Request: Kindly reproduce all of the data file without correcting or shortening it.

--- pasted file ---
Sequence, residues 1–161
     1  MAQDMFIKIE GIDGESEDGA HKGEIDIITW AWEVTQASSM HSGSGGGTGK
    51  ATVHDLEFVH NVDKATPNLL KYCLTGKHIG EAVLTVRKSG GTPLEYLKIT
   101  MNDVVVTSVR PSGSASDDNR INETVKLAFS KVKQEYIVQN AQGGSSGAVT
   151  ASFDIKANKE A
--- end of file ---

Sequence, residues 1–161
     1  MAQDMFIKIE GIDGESEDGA HKGEIDIITW AWEVTQASSM HSGSGGGTGK
    51  ATVHDLEFVH NVDKATPNLL KYCLTGKHIG EAVLTVRKSG GTPLEYLKIT
   101  MNDVVVTSVR PSGSASDDNR INETVKLAFS KVKQEYIVQN AQGGSSGAVT
   151  ASFDIKANKE A